Exploring the UK’s largest international photography festival
What: The Brighton Photo Biennial.
Where: Jubilee Square, Jubilee Library, Fabrica, University of Brighton Galleries at Edward Street and Grand Parade and plus other venues.
How much: FREE.
By Harvey Johnson
WITH public exhibits sprawling everywhere from Jubilee Square to Fabrica and Edward Street, the seventh Brighton Photo Biennial explores the theme of Reshaping Image with startling sensitivity and creative depth.
To use the old cliché, there really seems to be something for everyone, regardless of whether you are a seasoned connoisseur or photography-illiterate like me.
Set up by Photoworks and featuring photos from a wide variety of sources from schoolchildren to internationally-acclaimed photographers, the project deals with photography’s role in informing our understanding of subjects such as gender and sexuality, the politics of style and subversion of cultural and social norms.
Helen Wade, sales and marketing manager at Photoworks, pointed out that while there are lots of galleries in Brighton, unlike other large seaside towns it does not have a dedicated large contemporary gallery:
‘With Turner in Margate, De La Warr Pavilion in Bexhill and Towner in Eastbourne, people are surprised Brighton doesn’t have a similar large gallery dedicated to contemporary visual art exhibitions,’ she says.
“We are focussing on new audiences, people who wouldn’t otherwise set foot inside an art exhibition, who wouldn’t normally be interested but are interested in their own city.
“I think that making people question the imagery around them and how it can be used is something that’s very important.”
Mainstream of fashion photography often centres in on the young and the beautiful.
These projects diverge and give a platform to otherwise marginalised or misunderstood subjects to express their own stories – all the while challenging stereotypical and monolithic understandings of black male identity and the elderly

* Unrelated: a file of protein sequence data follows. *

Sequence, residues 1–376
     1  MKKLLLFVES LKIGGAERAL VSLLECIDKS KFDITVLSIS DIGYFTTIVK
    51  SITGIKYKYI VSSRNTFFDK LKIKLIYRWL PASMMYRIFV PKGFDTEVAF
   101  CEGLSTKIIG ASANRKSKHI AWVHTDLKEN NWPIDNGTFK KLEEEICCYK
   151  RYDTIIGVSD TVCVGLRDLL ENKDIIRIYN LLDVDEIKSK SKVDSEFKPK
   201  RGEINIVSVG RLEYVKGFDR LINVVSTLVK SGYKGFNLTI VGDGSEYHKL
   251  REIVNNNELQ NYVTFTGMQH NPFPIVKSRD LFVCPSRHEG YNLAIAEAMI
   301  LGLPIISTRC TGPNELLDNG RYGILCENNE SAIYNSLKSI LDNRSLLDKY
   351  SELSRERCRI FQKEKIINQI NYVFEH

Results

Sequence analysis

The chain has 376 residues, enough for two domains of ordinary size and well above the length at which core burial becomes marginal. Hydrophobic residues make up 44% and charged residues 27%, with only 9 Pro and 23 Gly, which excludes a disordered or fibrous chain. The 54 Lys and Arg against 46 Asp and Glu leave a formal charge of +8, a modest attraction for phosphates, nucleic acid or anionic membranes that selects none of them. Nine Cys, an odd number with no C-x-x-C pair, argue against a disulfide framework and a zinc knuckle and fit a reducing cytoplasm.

The sources of the two exhibits couldn’t be more different – Dandy Lions is an international collection from more than 30 professional and amateur photographers, curated by Shantelle P Lewis.
Our City, How Do We Look is a project undertaken by four photography students from the University of Brighton.
They are equally successful at providing the viewer with vivid, stylish portrayals of subcultural individuality
and proving that fashion is not simply the reserve of the Paris Fashion Week or Vogue magazine.
It is through this relatively narrow comparison that the democratic nature of the Brighton Photo Biennial really shines through.
One gets the sense that this exhibition is not simply for the people but about them.
Its attempts to provide an insight into our idea of identity and self-representation are undoubtedly successful and thought-provoking.
However, for me what it does most successfully is that, for a month at least, it provides Brighton with good spaces for contemporary visual art.
If you are a Brighton resident or simply find yourself down by the seaside this October, I would whole-heartedly recommend stopping by the Jubilee Library, Photoworks, Fabrica or the University of Brighton and soaking up the enthusiastic, creative buzz. After all, the best things in life are free.
For the full range of events taking place go to: www.bpb.org.uk